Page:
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QUESTION

I was writing a paper for my class about the Jewish-Islamic relationship. For that reason,I tried to read what does the Talmud as well as the Quran teach their followers about others. I was shocked when I read verses in the Talmud talking about non-Jews as animals or subhumans. Hoshen Mishpat 425 hagah 425.5 says: "It is the law to kill anyone who denies the Torah. The Christians belong to denying ones of the Torah." Is this a real verse or a fabricated one. I read many many others depicting non-Jews as animals such as in Jore dea 377,1 and Bammidber raba & Jalkut 772 and many others.I want to know your perspective about that. How do Jews perceive non-Jews. 

 

thank you

 

 

Musa Replies

 

Dear Friend,

I sense, both from your writing and the sources you cite, that the information you've found was provided by an interested party, who, for one reason or another, wishes to malign Jewish law.

The first source you quote - which is not from the Talmud but from the 16th century legal code "Shulhan Arukh", states only the first half of what you quoted (it mentions nothing about Christians or any other faith-community), only in reference to Jews! In other words, the Jewish court, in those circumstances where they had total authority over their own community, may have practiced this law. Later on in the same paragraph, the law explicitly states that it doesn't apply to non-Jews.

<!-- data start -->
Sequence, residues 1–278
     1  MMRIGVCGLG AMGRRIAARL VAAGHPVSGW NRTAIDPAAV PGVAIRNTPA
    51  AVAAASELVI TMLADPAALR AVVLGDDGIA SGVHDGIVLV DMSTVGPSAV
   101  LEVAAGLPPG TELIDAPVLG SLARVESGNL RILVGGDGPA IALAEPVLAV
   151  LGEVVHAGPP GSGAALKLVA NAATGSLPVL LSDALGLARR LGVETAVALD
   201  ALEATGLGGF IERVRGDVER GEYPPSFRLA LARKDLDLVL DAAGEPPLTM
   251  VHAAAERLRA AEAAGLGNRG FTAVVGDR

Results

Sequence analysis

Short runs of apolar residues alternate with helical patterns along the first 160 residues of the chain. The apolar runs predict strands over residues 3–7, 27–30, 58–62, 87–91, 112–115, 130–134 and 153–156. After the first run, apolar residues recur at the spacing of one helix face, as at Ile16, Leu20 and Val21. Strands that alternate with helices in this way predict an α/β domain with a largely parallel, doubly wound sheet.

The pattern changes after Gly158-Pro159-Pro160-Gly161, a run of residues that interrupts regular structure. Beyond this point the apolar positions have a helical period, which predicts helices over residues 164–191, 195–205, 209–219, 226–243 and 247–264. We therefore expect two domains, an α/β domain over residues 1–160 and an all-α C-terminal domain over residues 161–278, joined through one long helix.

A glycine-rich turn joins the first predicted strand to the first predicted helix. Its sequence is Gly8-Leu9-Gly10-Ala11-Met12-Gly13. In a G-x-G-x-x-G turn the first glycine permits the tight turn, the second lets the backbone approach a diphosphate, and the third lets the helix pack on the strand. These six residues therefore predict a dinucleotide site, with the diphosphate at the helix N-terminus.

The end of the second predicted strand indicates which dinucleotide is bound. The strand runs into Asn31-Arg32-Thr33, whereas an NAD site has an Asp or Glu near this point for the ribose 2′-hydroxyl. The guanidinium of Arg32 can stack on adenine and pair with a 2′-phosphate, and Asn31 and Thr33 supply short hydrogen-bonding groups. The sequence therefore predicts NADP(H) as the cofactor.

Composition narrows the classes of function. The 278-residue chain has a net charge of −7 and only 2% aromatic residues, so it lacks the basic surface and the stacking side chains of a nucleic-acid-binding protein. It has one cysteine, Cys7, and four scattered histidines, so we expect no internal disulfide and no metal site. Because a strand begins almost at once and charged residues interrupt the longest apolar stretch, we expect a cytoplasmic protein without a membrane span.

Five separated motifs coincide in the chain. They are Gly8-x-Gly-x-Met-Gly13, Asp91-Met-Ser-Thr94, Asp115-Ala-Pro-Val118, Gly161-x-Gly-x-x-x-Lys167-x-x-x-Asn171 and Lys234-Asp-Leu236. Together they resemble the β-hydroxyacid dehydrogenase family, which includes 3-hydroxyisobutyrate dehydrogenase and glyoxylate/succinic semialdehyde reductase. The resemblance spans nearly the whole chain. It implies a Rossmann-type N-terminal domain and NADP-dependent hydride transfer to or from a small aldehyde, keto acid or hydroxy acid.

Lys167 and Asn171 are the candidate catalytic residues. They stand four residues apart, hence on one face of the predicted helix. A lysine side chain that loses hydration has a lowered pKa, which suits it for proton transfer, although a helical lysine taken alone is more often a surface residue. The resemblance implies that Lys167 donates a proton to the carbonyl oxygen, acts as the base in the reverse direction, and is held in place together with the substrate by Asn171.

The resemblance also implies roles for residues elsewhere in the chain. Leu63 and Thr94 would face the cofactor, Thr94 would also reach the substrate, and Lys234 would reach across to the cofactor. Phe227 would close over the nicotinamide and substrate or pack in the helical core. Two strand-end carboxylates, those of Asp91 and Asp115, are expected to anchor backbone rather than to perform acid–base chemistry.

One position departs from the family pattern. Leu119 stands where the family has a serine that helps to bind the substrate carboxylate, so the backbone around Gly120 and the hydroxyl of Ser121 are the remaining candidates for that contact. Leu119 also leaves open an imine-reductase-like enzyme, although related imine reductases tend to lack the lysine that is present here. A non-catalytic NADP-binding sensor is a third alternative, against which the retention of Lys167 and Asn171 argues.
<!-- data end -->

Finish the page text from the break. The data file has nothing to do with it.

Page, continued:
This example should be enough to demonstrate that if you find a line or two, quoted out of context, it is worth checking the entire source to see what it means in context, to make sure (as you judiciously asked) whether the source really says what is being claimed about it and whether, within the broader context of the law, there isn't a
statement which clarifies the meaning.

As for your second example, the line is both untrue and taken, again, out of context. That section of Yoreh Deah (again, from Shulhan Arukh) is discussing the custom of consoling mourners. The law stipulates that only blood relatives are honored with full mourning rites and anyone else, no matter how close, is not accorded the same honor. Therefore, the ruling is that even if one's servants die, he isn't to be consoled in that manner, rather, as one who has lost a valuable possession (for example, an animal). In no way does this law argue that non-Jews (who aren't mentioned there in any case) are seen as animals.

As for your question, Judaism sees all people as created "in God's Image" (Genesis
1:28, 5:1); their lives have inestimable value and we must do everything we can, given our resources and abilities, to respect and safeguard the lives of all people.


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